Yet, when the alarm stops, suggesting the end to whatever crisis it meant to signal, the store’s occupants simply return to their books. The “glass of the lake”—the apparently serene scene of middle-class consumption—remains unshattered. There’s no employee urging evacuation, no emergency response, no inquiry into what happened, no request for assistance, no rushing to another’s aid. Just the shoppers settling back into the ease of “inertia”—save the poet, for whom the alarm invokes an avian relationship disrupted by suffering. Despite the status quo pulling the human world toward business-as-usual, despite the human desire “willing [Earth] to keep / centripetal force,” to hold us to her surface with her consistent spinning, and despite the naïve hope that things will continue as-such because, some may think, “she wants to stay this way forever” (as if Earth could just ignore entropy), nothing is permanent. All is vanity. Suffering, loss, and death touch all of us in vital ways.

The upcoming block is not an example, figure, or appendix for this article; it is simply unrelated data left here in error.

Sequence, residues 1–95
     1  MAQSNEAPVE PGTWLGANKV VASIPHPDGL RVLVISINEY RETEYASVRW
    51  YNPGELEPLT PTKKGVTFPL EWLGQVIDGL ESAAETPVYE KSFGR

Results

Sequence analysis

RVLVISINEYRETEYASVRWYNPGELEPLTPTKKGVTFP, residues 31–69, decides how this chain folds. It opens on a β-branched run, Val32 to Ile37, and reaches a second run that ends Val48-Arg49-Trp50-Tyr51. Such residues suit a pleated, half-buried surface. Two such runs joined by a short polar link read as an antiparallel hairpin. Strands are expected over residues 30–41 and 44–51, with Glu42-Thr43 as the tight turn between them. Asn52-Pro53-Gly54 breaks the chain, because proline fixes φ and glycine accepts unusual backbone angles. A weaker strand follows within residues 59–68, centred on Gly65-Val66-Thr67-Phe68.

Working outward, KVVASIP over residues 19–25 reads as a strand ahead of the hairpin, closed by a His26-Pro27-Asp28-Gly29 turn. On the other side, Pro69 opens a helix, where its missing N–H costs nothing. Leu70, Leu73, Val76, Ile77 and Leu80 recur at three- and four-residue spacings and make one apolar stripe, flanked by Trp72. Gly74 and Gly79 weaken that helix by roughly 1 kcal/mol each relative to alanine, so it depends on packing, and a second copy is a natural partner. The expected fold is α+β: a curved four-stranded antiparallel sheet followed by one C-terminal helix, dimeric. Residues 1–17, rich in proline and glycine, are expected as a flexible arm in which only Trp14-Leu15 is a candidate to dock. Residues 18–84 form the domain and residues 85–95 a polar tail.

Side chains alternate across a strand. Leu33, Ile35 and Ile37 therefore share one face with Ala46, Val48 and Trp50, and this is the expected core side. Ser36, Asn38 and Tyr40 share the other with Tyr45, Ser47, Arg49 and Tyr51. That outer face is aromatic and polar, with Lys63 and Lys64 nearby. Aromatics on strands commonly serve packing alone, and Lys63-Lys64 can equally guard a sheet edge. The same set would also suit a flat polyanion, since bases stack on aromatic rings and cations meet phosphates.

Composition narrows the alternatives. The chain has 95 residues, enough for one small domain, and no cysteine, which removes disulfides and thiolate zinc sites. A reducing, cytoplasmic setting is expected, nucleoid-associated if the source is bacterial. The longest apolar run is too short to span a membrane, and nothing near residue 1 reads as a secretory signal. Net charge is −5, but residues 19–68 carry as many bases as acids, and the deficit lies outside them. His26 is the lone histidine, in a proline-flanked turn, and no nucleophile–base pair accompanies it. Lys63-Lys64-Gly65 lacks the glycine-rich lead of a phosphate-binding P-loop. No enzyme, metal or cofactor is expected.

In that paradox, I think, is the rub: when we turn away from the suffering that surrounds us, when we seek to escape the inevitability of loss and death—whether via constant distraction, unchecked self-concern, or active ignorance—we neglect an essential aspect of existence and reject life’s abundance. Yet, when we open ourselves to life’s messy, complicated realities, when we meet suffering eye-to-eye and seek to address the body in pain (in spite of our ultimate inability to address pain) without dismissing that body’s suffering or taking it lightly, we deepen our reserves of emotion and experience and can become more grounded, empathic beings. So rooted in the grace of difference, we can also become more capable of sustaining and advocating for the emotional, mental, social, and spiritual well-being of others.